A former US ambassador to the United Nations has criticised President George Bush's attempts to eradicate the opium poppy fields in Afghanistan.
Mr Holbrooke describes Mr Bush's policy as ineffective
Richard Holbrooke has described the US policy as "spectacularly unsuccessful".
The administration is "wasting" around $1bn annually on a programme which actually encourages farmers to support the Taleban, he says.
According to the UN Office on Drugs and Crime, only 13 of Afghanistan's 34 provinces are "poppy free".
The problem is specially acute in the unstable south of the country.
Writing a column in The Washington Post newspaper, Mr Holbrooke says Mr Bush's vocal support in the last two years for aerial spraying of poppy fields highlighted what was wrong with the US policy.
Mr Bush's remarks "are part of the story behind the spectacularly unsuccessful US counter-narcotics program in Afghanistan", he says.
Opium production in Helmand has soared
Mr Bush backed down from backing aerial spraying because the Afghan government and the international community argued it would "create a backlash against" Kabul and Washington.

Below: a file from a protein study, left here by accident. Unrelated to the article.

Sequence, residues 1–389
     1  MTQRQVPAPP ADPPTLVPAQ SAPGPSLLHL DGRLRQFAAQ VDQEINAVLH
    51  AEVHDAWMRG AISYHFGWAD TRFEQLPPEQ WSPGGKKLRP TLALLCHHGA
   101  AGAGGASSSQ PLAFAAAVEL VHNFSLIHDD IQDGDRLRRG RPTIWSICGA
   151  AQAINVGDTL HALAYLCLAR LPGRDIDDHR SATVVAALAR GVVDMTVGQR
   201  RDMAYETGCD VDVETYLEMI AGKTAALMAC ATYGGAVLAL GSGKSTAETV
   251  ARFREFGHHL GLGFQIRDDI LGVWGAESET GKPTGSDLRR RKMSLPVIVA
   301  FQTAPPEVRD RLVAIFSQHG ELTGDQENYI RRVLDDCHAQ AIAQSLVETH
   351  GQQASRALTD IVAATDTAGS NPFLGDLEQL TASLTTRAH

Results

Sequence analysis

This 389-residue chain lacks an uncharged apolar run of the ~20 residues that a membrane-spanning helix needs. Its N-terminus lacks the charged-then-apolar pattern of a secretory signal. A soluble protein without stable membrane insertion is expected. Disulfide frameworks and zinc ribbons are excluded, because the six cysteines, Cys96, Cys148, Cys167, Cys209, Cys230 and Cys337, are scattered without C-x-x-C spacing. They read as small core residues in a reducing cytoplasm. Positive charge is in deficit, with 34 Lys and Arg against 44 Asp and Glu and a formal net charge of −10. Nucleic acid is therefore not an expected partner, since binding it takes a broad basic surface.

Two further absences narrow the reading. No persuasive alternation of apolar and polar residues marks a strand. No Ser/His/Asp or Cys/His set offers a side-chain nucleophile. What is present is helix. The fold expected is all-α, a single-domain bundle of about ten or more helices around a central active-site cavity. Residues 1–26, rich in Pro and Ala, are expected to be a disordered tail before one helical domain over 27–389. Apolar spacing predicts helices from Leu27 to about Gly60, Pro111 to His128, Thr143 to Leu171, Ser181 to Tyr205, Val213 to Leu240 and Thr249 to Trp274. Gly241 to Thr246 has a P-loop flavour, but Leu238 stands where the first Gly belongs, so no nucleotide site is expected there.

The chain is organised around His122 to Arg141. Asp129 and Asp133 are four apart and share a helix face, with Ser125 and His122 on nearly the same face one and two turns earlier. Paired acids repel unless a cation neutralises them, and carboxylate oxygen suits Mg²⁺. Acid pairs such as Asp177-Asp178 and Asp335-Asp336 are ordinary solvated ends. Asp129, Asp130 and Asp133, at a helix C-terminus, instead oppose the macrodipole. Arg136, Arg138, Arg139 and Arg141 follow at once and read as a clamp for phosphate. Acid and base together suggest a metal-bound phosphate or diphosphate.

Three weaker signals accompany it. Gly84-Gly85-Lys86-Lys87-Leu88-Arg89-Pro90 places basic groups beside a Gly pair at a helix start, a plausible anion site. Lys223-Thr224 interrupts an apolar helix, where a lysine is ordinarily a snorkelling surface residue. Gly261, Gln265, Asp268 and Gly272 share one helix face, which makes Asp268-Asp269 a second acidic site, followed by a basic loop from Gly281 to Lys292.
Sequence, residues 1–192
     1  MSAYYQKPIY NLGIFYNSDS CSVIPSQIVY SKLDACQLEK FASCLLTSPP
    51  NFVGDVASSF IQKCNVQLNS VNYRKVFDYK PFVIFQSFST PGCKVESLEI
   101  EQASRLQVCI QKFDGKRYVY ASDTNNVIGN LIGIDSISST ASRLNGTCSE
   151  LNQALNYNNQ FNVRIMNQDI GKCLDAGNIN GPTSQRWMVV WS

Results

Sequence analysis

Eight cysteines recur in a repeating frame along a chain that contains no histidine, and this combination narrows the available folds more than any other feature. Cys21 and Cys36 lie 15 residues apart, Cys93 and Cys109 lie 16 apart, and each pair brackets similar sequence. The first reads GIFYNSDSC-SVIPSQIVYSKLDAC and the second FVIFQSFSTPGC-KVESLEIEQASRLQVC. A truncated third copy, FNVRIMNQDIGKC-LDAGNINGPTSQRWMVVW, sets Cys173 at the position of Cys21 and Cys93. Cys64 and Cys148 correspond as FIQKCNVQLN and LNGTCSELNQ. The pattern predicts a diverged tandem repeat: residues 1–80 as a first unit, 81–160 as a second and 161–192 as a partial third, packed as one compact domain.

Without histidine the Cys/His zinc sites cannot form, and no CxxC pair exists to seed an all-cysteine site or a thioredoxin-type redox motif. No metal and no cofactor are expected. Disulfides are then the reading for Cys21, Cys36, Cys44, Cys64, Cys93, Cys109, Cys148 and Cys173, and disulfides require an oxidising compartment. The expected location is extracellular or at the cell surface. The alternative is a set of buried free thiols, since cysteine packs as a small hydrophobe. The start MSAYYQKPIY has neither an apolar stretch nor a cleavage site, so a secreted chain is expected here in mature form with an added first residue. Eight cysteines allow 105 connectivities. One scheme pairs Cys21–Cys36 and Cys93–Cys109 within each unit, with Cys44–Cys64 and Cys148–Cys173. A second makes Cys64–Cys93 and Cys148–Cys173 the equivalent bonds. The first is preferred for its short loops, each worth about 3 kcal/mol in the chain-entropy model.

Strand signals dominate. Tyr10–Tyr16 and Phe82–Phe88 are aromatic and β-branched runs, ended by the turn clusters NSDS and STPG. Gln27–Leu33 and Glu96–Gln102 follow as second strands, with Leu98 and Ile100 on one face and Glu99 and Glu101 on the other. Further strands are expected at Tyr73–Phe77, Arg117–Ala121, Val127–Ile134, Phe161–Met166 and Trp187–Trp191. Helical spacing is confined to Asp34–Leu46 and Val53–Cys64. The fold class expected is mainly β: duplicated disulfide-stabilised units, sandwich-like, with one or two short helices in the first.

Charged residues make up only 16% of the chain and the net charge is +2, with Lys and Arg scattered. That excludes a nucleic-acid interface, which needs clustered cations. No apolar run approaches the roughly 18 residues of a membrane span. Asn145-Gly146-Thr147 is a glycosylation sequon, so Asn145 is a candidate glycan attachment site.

"But even without aerial eradication, the programme, which costs $1bn a year, may be the single most ineffective programme in the history of American foreign policy," Mr Holbrooke writes.
"It's not just a waste of money. It actually strengthens the Taleban and al-Qaeda, as well as criminal elements within Afghanistan," he writes.
With the Taleban insurgency still raging, counter-narcotics teams in Afghanistan have been unable to make any impact on the poppy problem in the south.
Experts say stopping poppy production requires more than just laws.
The authorities have to also provide alternative livelihoods for the cultivators and build access to markets and education, among other things - things which are very difficult to deliver in an unstable environment.